Venerable mud-turtles crawled up and roosted upon the old logs in the stream, their backs glistening in the sun, the first inhabitants of the metropolis to begin the active business of the day.

It was not long, however, before smoke began to issue from the city chimnies; and before the engineers, had finished their breakfast they were the object of the curious inspection of six or eight boys and men, who lounged into the camp and gazed about them with languid interest, their hands in their pockets every one.

"Good morning; gentlemen," called out the chief engineer, from the table.

"Good mawning," drawled out the spokesman of the party. "I allow thish- yers the railroad, I heern it was a-comin'."

"Yes, this is the railroad; all but the rails and the ironhorse."

"I reckon you kin git all the rails you want oaten my white oak timber over, thar," replied the first speaker, who appeared to be a man of property and willing to strike up a trade.

"You'll have to negotiate with the contractors about the rails, sir," said Jeff; "here's Mr. Brierly, I've no doubt would like to buy your rails when the time comes."

"O," said the man, "I thought maybe you'd fetch the whole bilin along with you. But if you want rails, I've got em, haint I Eph."

"Heaps," said Eph, without taking his eyes off the group at the table.

"Well," said Mr. Thompson, rising from his seat and moving towards his tent, "the railroad has come to Stone's Landing, sure; I move we take a drink on it all round."

The proposal met with universal favor. Jeff gave prosperity to Stone's Landing and navigation to Goose Run, and the toast was washed down with gusto, in the simple fluid of corn; and with the return compliment that a rail road was a good thing, and that Jeff Thompson was no slouch.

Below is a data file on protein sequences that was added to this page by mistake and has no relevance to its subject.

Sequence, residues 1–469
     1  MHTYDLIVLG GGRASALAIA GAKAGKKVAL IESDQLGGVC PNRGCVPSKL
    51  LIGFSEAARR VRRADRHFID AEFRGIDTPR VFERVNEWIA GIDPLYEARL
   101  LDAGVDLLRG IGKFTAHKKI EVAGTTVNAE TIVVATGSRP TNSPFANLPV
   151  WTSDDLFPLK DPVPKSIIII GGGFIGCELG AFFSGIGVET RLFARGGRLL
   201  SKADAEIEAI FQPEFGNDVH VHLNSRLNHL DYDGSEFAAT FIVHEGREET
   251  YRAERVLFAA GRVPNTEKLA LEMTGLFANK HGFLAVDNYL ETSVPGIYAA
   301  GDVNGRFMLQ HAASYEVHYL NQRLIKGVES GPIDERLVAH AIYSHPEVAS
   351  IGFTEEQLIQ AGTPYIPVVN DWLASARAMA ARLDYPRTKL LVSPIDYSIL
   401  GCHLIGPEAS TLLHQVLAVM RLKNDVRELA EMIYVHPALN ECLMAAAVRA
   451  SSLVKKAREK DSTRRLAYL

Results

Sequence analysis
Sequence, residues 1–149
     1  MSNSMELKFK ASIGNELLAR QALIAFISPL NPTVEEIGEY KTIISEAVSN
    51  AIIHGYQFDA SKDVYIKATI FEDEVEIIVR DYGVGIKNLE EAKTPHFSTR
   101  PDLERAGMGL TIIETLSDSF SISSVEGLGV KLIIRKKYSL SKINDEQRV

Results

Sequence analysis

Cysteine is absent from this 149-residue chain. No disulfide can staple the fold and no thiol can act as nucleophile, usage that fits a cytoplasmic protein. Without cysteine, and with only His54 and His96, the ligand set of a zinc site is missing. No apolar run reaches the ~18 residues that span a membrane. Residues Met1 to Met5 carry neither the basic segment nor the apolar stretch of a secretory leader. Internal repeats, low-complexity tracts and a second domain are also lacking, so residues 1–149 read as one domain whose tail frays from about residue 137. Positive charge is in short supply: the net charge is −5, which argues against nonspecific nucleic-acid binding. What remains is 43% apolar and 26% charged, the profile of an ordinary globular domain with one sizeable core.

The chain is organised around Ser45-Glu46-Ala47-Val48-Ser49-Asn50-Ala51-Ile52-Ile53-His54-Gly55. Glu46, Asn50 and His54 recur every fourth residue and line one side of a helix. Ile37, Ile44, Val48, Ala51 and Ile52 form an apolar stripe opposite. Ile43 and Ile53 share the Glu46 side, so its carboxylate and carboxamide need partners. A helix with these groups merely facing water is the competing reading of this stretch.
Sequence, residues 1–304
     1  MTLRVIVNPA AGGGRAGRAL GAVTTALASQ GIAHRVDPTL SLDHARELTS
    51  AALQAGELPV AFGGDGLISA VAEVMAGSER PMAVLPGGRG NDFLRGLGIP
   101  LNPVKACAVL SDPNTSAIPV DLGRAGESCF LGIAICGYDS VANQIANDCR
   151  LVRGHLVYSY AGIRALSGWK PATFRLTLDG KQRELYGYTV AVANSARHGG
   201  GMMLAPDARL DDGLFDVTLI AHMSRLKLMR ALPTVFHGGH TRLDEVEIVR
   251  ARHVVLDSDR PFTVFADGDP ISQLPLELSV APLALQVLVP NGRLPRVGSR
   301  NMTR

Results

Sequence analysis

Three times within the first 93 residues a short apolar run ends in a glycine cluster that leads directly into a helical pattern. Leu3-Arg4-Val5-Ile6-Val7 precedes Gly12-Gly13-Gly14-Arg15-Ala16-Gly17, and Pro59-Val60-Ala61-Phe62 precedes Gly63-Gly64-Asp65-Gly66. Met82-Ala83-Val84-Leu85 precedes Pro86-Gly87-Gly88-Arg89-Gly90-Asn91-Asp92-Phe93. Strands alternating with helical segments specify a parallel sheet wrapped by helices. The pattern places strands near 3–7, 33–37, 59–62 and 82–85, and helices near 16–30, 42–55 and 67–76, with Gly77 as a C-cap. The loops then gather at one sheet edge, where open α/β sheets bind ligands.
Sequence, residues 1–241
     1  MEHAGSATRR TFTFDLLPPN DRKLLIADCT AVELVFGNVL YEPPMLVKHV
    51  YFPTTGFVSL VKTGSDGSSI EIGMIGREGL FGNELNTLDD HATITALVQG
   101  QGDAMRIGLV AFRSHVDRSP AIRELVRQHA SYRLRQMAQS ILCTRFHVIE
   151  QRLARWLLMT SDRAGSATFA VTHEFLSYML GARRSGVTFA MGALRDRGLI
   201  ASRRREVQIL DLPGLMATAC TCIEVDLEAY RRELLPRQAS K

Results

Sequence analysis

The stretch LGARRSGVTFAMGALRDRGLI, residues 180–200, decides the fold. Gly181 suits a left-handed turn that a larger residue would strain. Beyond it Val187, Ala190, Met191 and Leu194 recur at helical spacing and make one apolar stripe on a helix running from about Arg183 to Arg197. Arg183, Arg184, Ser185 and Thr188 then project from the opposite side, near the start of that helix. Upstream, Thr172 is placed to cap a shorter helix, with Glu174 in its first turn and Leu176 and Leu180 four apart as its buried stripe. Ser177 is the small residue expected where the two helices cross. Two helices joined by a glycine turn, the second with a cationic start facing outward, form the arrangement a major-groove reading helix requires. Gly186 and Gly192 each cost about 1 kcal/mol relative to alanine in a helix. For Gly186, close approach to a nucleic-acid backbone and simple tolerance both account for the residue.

About ten o'clock a horse and wagon was descried making a slow approach to the camp over the prairie. As it drew near, the wagon was seen to contain a portly gentleman, who hitched impatiently forward on his seat, shook the reins and gently touched up his horse, in the vain attempt to communicate his own energy to that dull beast, and looked eagerly at the tents. When the conveyance at length drew up to Mr. Thompson's door, the gentleman descended with great deliberation, straightened himself up, rubbed his hands, and beaming satisfaction from every part of his radiant frame, advanced to the group that was gathered to welcome him, and which had saluted him by name as soon as he came within hearing.

"Welcome to Napoleon, gentlemen, welcome. I am proud to see you here Mr. Thompson. You are, looking well Mr. Sterling. This is the country, sir. Right glad to see you Mr. Brierly. You got that basket of champagne? No? Those blasted river thieves! I'll never send anything more by 'em. The best brand, Roederer. The last I had in my cellar, from a lot sent me by Sir George Gore--took him out on a buffalo hunt, when he visited our, country. Is always sending me some trifle. You haven't looked about any yet, gentlemen? It's in the rough yet, in the rough. Those buildings will all have to come down. That's the place for the public square, Court House, hotels, churches, jail--all that sort of thing. About where we stand, the deepo. How does that strike your engineering eye, Mr. Thompson? Down yonder the business streets, running to the wharves. The University up there, on rising ground, sightly place, see the river for miles. That's Columbus river, only forty-nine miles to the Missouri. You see what it is, placid, steady, no current to interfere with navigation, wants widening in places and dredging, dredge out the harbor and raise a levee in front of the town; made by nature on purpose for a mart. Look at all this country, not another building within ten miles, no other navigable stream, lay of the land points right here; hemp, tobacco, corn, must come here. The railroad will do it, Napoleon won't know itself in a year."

"Don't now evidently," said Philip aside to Harry. "Have you breakfasted Colonel?"

"Hastily.

The Gilded Age Page 60

Mark Twain

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